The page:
Tag Archives: George W Bush

Donald J Trump and the Speech Patterns of 14 Year Olds

By Dr David Laing Dawson

When I was 16 I bought an LP of my favourite band with money earned at a Saturday job in a Sporting Goods store. I’m sure this purchase did not have a great impact on the music industry.

Today though, the taste and preferences of the 12 to 16 year old demographic does have impact on this industry, much to my chagrin.

George W. Bush tried to speak like an adult. He tried to use big words at times, and reasonable sentence structure. He tried even though he often made a mess of it, combining two words and inventing a third, missing the negative qualifiers and thus saying the opposite of what he meant, turning verbs into nouns, nouns into verbs.

Obama speaks as an adult, his considered words and good syntax presumably reflecting the manner in which he thinks.

The latter clause is an assumption but one we make of everyone with the exception of a liar: how we speak extemporaneously, off-the-cuff, is a pretty good indication of how we think. Not necessarily the content but at least the form, the logic or lack thereof, the coherence or lack there of, the consideration or lack thereof.

I am of course getting around to Donald J Trump. And there is a connection with my music industry comments at the beginning of this essay.

When he is speaking off-the-cuff (not reading from the tele-prompter) Mr. Trump speaks with the syntax, the semantics, the grammar, the choice of words, of a 14 year old. Actually when he is being positive he sounds like a 14 year old girl (randomly repeated superlatives, in random grammatical form), when negative, like a 14 year old boy (sputtered inconsiderate name calling and accusations).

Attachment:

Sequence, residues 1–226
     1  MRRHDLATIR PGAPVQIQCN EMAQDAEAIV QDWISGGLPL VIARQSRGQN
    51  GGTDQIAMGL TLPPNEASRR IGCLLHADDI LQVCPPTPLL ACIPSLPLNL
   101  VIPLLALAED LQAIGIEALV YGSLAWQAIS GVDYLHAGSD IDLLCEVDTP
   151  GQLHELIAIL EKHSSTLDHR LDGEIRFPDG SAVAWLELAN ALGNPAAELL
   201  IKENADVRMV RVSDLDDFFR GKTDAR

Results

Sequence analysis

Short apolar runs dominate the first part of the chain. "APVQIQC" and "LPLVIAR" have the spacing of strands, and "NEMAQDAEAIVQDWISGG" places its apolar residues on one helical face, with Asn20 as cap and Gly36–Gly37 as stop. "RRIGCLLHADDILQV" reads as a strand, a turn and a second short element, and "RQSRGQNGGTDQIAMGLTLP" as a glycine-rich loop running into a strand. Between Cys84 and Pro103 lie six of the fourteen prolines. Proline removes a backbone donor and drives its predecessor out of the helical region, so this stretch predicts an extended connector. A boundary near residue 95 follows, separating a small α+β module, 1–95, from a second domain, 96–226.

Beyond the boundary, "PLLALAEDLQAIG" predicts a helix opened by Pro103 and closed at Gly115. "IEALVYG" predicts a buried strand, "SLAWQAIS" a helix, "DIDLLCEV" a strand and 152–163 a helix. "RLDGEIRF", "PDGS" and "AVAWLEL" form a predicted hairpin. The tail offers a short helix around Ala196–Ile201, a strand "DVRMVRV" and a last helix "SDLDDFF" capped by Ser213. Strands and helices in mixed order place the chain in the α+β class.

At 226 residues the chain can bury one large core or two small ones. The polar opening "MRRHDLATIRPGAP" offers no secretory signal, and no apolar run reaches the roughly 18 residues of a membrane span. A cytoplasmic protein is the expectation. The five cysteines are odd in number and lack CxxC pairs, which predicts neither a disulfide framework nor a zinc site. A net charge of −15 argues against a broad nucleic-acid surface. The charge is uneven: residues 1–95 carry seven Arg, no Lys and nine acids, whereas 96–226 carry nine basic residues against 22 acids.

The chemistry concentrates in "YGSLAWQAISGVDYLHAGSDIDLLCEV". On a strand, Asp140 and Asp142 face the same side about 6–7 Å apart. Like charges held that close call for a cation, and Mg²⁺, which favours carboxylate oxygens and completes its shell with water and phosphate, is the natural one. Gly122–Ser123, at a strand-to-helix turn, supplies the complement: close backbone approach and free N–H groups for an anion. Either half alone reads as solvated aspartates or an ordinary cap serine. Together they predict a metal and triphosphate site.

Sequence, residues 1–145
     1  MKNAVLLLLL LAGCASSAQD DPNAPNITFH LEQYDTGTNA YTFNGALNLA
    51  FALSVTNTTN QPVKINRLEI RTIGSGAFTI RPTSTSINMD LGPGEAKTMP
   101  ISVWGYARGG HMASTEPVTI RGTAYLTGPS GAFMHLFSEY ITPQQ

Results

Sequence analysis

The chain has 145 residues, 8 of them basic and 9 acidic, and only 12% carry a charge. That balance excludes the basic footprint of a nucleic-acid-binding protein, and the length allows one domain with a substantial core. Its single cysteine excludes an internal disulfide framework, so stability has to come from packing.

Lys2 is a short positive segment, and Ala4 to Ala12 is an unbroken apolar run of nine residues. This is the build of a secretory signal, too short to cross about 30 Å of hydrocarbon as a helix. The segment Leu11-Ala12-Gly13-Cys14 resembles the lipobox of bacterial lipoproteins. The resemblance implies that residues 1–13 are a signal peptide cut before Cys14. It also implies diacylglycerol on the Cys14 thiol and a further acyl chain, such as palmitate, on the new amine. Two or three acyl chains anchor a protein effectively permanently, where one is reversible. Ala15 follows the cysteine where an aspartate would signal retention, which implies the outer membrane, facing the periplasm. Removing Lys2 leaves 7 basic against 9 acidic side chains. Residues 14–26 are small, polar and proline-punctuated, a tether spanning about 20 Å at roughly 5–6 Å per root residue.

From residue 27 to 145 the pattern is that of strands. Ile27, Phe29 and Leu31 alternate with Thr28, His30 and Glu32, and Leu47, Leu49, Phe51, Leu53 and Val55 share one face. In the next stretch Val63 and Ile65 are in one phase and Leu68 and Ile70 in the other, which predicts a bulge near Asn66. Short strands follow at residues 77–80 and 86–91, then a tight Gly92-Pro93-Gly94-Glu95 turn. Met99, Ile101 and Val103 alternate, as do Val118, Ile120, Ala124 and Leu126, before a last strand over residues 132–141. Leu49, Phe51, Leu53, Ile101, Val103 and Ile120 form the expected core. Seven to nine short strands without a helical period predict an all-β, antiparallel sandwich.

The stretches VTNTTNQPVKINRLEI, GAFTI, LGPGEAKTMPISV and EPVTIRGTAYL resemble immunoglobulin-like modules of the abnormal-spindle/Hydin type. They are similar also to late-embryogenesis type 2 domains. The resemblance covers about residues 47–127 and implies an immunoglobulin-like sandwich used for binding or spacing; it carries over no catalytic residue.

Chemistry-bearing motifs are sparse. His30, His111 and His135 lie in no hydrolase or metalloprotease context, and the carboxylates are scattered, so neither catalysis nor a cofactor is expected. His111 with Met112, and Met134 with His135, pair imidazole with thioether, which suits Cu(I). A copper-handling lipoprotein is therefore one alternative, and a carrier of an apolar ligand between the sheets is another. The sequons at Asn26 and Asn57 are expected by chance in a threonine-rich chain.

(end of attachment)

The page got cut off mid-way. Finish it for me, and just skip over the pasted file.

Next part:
The fact he speaks like this and therefore probably thinks like this is not the most puzzling fact. What is very puzzling to me is that a large American demographic now finds this acceptable, is not troubled by it, takes it in stride, even echoes it.

How did this happen? I’m sure they expected more from their presidential candidates through the last 100 years. Now, they can’t all be Winston Churchill or Pierre Elliot Trudeau, able to quote scholars and parse clever phrases on the run, but at least all presidential candidates spoke an adult form of English.

This leads to the depressing thought that the 12 to 16 year old demographic is influencing our speech, and how we hear ourselves, as well as our popular music. Suddenly they are, with our new technologies, dominating, by sheer volume, our written and spoken discourse. Their careless use of language (reflecting a careless way of thinking) may be influencing the older demographic to the extent that they find nothing unsettling in the thinking and speech of Donald J Trump.

They should. I know many 14 year olds. I do not want any one of them making decisions about anything beyond which instrument to play in the school band. No matter how many adult advisors Mr. Trump gathers around him, there will come a time he is on his own. In the job of president an inconsiderate, impulsive remark, or action, can have grave consequences for us all.